In this article, Ioseba Tena, Head of Defence at Sonardyne and Jonathan Davies, Chief Scientist at Sonardyne discuss the trends in allied underwater communication and what collaboration and interoperability really mean for those in charge of naval communications strategy.
Allied navies have different languages, traditions, vessels, and strategies. Yet, if they share the same technology, it is possible for these fleets of divers, autonomous underwater vehicles and submarines to also share intelligence and data.
The subsea communication technology landscape
Over the last 20 years, a bedrock of commercial off the shelf (COTS) technologies has grown to enable subsea communication, navigation and tracking in uniquely hostile and challenging underwater environments, largely driven by non-defence needs in maritime market sectors including oil and gas exploration, marine construction and renewables.
Over a similar timeframe, the Royal Navy and the rest of the world’s navies have become increasingly aware of the growing need for, and importance of secure communication, both above and below water, in delivering military effect and capability, as part of a modernised, more agile, more operationally versatile, and more interoperable maritime force.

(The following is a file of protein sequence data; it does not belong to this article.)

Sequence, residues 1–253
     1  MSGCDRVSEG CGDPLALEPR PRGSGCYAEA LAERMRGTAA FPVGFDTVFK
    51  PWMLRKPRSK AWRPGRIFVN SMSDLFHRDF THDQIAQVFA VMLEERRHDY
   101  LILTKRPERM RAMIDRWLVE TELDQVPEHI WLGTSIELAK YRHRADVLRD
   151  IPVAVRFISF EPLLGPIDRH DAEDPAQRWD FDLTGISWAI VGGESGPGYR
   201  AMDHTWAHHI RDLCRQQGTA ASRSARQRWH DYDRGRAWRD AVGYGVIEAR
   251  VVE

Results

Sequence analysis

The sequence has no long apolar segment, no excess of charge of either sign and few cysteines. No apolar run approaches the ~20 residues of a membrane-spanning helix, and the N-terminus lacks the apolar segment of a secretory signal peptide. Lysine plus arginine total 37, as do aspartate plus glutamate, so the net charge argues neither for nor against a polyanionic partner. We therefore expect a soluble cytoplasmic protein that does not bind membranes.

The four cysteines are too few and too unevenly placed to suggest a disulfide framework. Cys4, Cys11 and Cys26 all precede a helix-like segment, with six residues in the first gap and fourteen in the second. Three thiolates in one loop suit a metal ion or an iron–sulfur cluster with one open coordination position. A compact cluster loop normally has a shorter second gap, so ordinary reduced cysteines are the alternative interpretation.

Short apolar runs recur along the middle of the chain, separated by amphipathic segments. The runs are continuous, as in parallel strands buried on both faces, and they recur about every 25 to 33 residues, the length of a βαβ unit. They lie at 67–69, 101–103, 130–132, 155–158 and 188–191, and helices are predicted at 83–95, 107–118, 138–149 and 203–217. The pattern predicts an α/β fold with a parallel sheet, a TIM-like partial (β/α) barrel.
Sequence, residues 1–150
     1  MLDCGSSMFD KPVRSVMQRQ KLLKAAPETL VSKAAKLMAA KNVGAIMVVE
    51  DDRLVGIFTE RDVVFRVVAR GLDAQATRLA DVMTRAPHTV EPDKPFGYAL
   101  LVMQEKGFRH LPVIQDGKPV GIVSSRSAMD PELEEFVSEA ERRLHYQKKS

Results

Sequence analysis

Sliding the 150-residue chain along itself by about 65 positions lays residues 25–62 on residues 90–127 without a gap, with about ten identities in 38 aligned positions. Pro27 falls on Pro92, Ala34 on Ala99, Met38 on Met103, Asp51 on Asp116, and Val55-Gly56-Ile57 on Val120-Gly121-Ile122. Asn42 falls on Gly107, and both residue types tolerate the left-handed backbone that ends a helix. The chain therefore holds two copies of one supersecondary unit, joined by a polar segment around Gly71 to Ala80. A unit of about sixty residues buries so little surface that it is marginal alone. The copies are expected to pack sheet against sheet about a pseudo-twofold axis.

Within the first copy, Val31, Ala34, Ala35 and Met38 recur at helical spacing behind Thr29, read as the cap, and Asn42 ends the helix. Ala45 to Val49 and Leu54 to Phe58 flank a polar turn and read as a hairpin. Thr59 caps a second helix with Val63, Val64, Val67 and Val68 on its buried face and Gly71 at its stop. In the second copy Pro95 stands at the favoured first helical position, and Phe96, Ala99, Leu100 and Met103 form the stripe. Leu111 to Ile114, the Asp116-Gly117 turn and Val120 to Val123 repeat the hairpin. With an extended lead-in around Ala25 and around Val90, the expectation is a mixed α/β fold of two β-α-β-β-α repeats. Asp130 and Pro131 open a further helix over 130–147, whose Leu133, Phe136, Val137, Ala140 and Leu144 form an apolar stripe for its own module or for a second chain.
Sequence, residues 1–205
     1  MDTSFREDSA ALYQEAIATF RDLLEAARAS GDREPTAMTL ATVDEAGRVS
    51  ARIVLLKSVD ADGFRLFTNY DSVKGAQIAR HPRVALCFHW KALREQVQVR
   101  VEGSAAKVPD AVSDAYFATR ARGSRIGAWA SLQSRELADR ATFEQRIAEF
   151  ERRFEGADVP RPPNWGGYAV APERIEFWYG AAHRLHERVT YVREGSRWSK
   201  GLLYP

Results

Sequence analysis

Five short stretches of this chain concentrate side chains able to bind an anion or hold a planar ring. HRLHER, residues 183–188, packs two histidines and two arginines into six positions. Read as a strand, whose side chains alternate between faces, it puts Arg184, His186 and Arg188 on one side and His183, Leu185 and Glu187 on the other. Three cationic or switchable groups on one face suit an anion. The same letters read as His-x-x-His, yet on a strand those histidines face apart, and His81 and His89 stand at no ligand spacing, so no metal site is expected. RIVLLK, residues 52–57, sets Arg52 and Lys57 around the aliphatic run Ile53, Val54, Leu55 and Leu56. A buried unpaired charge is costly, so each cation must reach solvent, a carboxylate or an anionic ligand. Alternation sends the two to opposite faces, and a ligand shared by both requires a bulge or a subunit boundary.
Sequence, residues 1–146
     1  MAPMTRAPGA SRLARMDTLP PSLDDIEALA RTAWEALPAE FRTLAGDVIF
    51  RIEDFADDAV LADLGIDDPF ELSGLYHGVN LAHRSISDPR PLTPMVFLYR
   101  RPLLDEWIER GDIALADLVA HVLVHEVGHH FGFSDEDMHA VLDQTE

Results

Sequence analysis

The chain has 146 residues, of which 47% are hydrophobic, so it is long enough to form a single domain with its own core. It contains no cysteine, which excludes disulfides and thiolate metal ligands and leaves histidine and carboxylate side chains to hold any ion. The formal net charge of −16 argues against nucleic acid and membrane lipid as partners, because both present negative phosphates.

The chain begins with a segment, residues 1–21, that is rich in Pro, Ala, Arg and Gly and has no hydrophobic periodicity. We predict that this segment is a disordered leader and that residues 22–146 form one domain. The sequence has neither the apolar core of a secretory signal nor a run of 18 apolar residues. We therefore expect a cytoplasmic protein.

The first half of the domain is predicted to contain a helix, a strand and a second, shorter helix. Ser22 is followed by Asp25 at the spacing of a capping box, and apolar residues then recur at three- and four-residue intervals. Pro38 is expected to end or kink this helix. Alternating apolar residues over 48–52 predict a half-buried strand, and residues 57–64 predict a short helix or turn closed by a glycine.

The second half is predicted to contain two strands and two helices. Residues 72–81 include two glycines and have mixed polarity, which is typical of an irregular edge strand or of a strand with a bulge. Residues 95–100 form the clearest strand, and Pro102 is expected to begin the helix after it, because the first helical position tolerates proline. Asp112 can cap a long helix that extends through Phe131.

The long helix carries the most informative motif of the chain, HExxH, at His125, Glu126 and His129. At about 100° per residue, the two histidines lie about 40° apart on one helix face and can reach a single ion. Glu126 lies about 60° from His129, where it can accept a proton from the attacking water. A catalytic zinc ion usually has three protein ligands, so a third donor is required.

Leveraging and adapting non-defence COTS subsea communication technologies to meet specific military needs in terms of performance, security and interoperability remain a very worthwhile challenge. The commercial subsea technology market has responded, in part to defence needs, for example by embracing multi-physics bearers (acoustics/optics/electromagnetics) there is potential for far more sophisticated communication solutions in support of covert assets. There is still a way to go, and some technologies stand head and shoulders above the rest.
International navies need to be able to communicate with each other underwater, as easily as they do terrestrially. Due to the nature of the sea, adversaries easily obscured meaning that detection and safeguarding using technology is critical for intelligence and surveillance missions. In May 2020, NATO’s Communications and Information Agency (NCI) agreed on secure access to satellite communications for maritime operations and for updating cryptographic equipment on ships. This kind of agreement demonstrates that communications collaboration is a top priority. To fully enable this over a variety of vendor platforms and formats, interoperability and open standards are key.